I first encountered the name Pierre Cardin when someone gifted me a bottle of the designer’s ‘Pour Monsieur’ eau de cologne. That was around 1986 when I was just being taught to shave. Little did I realise the fragrance had been around since 1972 and that its phallic-shaped bottle was purposely designed to connote, yes, a penis.
I also didn’t realise as a naïve teenager that Pierre Cardin was so busy infiltrating lifestyles of the 1970s and ’80s, he would leave his mark and aesthetic on just about everything: A-line dresses to aeroplanes, lampshades to lounge furniture, makeup and music videos to muscle cars. Heck, he even put his name to frying pans, hence everything and the kitchen sink.
Millions might recognise Pierre Cardin’s logo and ubiquitous signature but few knew the individual behind the larger-than-life brand. That is, until the recent release of excellent documentary film, House of Cardin, which unveiled a personality and history as chequered as the geometric dresses the designer regularly sent down the runway.
In the film, Cardin explains why he talks about himself in the third person, saying “My name [is] my creations but no longer a human person. The brand is the third dimension, it is no longer me.”
And no longer here is Pierre Cardin, having passed away two days before the start of 2021, a year which probably needs the Cardin touch more than any year before it, given it segues from one of the worst years in history, plagued with recession, a viral pandemic and social tension the world over.
At 98, Pierre Cardin had what you could eventually call a brilliant innings. Even in his final year he insisted on working, most notably on a mammoth second theatre to further his cement his love of performance art.
Pierre Cardin went to extremes in the fields of manufacturing, branding and marketing yet he remained one of the few designers to have held onto his name rather than sell the label to Big Fashion investors.
Cardin’s brand has peppered the world liberally and dotted itself along shopping strips from Australia to Zimbabwe. Now being run by his grandson Rodrigo Basilicati, the aesthetic is sure to remain progressive, frenetic, energetic; a sprawl of boldness, brightness and – at times – chaos.
As a designer, Cardin accomplished many ‘firsts’. First fashion designer to stock his clothing in department stores. First to be wholly immersed in the arts scene, not only dressing performers but investing in theatre houses. First to dress the Beatles in designer gear. First to present a western fashion collection in Communist China.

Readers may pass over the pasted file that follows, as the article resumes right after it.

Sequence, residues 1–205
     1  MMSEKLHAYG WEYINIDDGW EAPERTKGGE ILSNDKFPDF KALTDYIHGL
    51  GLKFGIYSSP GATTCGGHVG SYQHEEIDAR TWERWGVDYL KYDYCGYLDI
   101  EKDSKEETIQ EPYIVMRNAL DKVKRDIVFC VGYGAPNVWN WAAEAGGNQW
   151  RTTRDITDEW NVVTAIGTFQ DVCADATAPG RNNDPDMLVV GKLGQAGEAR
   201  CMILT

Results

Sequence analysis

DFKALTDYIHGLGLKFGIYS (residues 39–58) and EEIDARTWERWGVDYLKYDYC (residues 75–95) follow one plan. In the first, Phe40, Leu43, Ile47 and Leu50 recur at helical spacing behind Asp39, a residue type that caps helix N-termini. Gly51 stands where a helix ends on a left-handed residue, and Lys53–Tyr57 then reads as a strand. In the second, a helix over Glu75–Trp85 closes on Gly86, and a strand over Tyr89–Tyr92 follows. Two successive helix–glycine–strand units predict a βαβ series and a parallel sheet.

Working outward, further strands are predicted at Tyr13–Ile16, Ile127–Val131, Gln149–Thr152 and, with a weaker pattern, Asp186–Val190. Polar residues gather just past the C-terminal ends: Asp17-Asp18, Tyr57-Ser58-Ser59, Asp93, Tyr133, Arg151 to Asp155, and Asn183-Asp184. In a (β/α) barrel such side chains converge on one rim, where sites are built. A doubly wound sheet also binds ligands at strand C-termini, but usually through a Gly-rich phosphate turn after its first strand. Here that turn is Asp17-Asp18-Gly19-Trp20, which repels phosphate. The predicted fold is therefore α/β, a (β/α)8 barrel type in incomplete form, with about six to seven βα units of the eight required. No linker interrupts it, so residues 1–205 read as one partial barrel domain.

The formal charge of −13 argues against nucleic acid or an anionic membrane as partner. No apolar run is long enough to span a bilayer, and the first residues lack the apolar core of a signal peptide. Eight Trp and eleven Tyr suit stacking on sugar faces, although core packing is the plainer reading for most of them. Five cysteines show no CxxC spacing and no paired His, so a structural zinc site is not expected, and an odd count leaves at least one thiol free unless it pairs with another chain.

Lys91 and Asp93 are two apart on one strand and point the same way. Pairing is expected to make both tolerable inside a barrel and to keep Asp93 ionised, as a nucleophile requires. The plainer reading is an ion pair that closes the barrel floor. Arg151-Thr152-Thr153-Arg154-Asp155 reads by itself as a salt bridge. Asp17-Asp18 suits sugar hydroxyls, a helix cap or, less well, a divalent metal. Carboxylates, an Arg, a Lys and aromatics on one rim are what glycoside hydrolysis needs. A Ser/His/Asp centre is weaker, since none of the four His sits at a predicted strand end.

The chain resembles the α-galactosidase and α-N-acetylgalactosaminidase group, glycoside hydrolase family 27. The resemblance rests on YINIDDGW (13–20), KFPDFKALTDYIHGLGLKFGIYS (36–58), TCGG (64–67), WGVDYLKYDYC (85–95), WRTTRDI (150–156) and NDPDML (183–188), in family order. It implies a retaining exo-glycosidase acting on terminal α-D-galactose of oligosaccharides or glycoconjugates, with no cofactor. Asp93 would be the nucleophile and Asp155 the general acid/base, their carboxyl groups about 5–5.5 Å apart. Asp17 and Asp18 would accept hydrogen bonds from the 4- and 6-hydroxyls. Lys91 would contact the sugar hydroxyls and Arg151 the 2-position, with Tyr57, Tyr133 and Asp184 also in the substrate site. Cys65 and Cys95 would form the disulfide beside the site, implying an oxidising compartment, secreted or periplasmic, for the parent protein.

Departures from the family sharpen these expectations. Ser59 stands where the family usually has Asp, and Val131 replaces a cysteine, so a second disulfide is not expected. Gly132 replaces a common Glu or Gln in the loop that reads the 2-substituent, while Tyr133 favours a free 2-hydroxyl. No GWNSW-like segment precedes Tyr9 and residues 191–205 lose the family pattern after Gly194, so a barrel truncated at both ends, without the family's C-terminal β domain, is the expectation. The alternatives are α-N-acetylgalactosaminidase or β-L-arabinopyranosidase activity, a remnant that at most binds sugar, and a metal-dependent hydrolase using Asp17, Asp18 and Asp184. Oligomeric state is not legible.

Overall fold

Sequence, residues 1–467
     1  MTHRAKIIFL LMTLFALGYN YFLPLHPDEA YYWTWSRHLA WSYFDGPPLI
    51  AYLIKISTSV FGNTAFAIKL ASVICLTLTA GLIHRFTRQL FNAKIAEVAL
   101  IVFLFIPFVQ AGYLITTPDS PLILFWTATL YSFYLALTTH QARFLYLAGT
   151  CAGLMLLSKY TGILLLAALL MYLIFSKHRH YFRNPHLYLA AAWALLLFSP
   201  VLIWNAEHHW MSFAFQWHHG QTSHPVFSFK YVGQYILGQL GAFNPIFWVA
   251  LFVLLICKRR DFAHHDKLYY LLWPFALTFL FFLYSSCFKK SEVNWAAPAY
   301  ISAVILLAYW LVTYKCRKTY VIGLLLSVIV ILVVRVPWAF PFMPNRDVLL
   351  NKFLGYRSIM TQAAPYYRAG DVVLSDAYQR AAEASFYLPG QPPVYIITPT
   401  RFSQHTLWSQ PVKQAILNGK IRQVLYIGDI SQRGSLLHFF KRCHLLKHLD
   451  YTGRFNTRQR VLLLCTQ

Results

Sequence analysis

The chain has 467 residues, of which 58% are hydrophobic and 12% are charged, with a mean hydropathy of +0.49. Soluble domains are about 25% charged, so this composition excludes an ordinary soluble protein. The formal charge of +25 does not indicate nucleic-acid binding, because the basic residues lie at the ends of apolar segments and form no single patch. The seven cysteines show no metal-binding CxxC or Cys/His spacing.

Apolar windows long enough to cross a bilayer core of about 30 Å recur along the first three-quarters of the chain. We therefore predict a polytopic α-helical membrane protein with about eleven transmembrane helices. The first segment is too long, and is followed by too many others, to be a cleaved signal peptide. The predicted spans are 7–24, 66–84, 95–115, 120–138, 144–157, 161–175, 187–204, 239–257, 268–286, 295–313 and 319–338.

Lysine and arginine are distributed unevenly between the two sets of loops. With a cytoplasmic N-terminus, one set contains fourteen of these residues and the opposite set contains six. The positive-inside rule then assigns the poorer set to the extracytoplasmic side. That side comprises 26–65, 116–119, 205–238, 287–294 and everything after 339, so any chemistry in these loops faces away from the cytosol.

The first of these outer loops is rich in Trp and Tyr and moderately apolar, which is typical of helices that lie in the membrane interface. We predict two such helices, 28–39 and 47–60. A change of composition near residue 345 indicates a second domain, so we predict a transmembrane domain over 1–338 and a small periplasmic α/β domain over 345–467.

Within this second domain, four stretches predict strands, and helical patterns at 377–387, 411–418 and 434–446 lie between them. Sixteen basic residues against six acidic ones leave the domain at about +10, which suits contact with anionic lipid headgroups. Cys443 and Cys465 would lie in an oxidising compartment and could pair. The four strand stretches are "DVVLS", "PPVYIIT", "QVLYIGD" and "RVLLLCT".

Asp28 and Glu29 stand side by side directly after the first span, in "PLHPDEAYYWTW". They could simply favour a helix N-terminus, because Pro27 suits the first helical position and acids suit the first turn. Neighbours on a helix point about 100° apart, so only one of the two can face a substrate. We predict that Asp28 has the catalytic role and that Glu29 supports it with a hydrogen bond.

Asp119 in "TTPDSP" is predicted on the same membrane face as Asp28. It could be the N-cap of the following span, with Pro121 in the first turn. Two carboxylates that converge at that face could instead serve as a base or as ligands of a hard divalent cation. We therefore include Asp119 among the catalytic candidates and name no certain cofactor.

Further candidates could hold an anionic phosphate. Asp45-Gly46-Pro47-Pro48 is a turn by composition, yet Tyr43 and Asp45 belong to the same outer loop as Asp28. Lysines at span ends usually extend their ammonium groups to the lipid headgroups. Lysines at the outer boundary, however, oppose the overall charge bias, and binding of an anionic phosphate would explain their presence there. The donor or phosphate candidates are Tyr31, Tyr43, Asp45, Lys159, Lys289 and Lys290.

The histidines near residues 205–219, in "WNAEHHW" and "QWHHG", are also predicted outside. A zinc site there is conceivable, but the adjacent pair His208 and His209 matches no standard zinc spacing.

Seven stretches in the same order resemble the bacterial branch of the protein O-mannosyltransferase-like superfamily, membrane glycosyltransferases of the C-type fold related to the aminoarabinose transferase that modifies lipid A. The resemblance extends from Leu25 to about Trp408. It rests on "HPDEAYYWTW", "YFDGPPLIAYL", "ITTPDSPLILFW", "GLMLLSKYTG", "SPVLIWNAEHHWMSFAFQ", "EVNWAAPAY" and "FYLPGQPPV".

When you see a scene of a model approaching the Great Wall wearing a giant rainbow bubble of a dress, surrounded by grey Mao-suited Chinese locals whose expressions look like they’re encountering an alien, you forget for a moment that you’re viewing archival footage, and imagine the whole thing’s been a clever exercise in Photoshopping. This is the bright mark Cardin leaves on the design stage, and the effervescence you sense from the film as a whole.
I strongly recommend you see the film House of Cardin. In it, Cardin occasionally comes across as fashion socialist but soon enough earns the criticism of an opportunistic capitalist. Or he’s being dubbed a fashion futurist and feminist in the same breath. Whatever the critique, his clothes and wares have usually made an out-there statement. Even the Beatles’ famous suits from the early Sixties made a strong point: grey, yes, but certainly a flamboyant cut for men back then.
There is one element to the designer’s colourful life that did bug me, though, and that is his hush-hush approach to his closest relationships, in particular that with his design assistant Andre Oliver. Where it didn’t take a magnifying glass to see that the pair were closer than just colleagues, it is a shame that a brighter take on their closeness has never been addressed, thereby leaving the LGBTQI community with another fashion legacy to be proud of.
Surely Cardin – a man who possessed such futuristic and fantastical vision – could have found some way to express his ‘special relationship’ with Oliver.
Still, often eccentric, always ambitious, ambiguous, private and very much out-there, Pierre Cardin is a man of contradictions but one who’s main mission statement seemed to be ‘bigger, bolder, brighter… and the more markets, the better’.
He leaves behind a family tree of 50 relatives, mostly grandchildren.
He also leaves behind a brilliant mark on the map of fashion.